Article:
However, many anglophone parents are concerned about how their children will manage in an officially French-language setting. That issue set the tone for much of September 27 meeting, which Riopel chaired.

“We have the responsibility to prepare children for school in French,” said AFÉSEO Director-General Martine St-Onge.

Parent Shane Jellett, whose son is on the autism spectrum, is in a specialized daycare program at St-Grégoire. Jellett is concerned that his son will now lose that specialized service.

Riopel told the audience efforts that are underway with the Catholic District School Board of Eastern Ontario (CDSBEO) to expand bilingual day care services nearby at St. Jude Elementary School. However, the province still must give its approval and the enhanced services at St. Jude will not include a toddler program. Champlain Township CAO Kevin Tessier told The Review that the CDSBEO is actively working to have the plan in place for January 1.

Parents are not only concerned about their child being understood in English, but also about understanding any communication they have with AFÉSEO.

“I don’t speak a word of French!” one parent said from the audience.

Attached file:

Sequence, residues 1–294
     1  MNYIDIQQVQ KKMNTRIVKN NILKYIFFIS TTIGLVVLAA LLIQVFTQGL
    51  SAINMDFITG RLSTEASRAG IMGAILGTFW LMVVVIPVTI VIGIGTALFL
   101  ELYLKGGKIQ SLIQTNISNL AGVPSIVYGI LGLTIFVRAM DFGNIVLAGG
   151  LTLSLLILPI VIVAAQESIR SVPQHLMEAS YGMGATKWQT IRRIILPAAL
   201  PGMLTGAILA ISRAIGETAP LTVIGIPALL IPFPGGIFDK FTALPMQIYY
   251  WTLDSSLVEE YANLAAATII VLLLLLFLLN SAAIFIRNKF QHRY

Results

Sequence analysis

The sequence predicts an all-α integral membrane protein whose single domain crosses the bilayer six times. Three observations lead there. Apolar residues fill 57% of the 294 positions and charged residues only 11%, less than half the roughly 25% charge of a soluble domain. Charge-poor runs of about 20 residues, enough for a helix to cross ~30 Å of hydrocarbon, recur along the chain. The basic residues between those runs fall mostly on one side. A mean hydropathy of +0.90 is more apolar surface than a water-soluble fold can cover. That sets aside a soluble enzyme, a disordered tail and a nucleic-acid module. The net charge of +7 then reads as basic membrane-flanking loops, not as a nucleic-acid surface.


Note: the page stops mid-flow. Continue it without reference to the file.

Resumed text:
St-Onge said staff will communicate with parents in English. She noted how AFÉSEO also provides services in Halton Region, west of Toronto where parents often do not speak French or English, but send their children to French childcare centres.

AFÉSEO Special Projects Coordinator Sébastien Dufour said staff will work with children at their level of comfort and knowledge in French but will continually encourage them to learn the language.

“It’s going to be a big transition,” Dufour said.

The decision by Champlain Township to exit the childcare business will result in layoffs for 25 employees, including the Director of Childcare Services. However, all of the Champlain employees may apply for work at AFÉSEO and will be given priority for selection before the positions are advertised publicly.

There was considerable concern among the audience about if the current employees will still have jobs, especially if they do not speak French.

“This is a small town and we give a crap about each other!” exclaimed Jellett.

CSDCEO Superintendent of Business and Treasurer Martin Lavigne said every Champlain childcare employee will be given the opportunity to apply for work with AFÉSEO. He also said he is not opposed to any modifications to the transition process which could make it go more easily for parents and staff.

An audience member asked about severances and compensation for any of the current municipal daycare employees.

“It’s a legal issue; we cannot answer the question,” replied Riopel.

St-Onge assured the audience that every employee will be given a fair opportunity during the application process and interviews will begin during the next two weeks.

“Everybody can apply right now,” she said.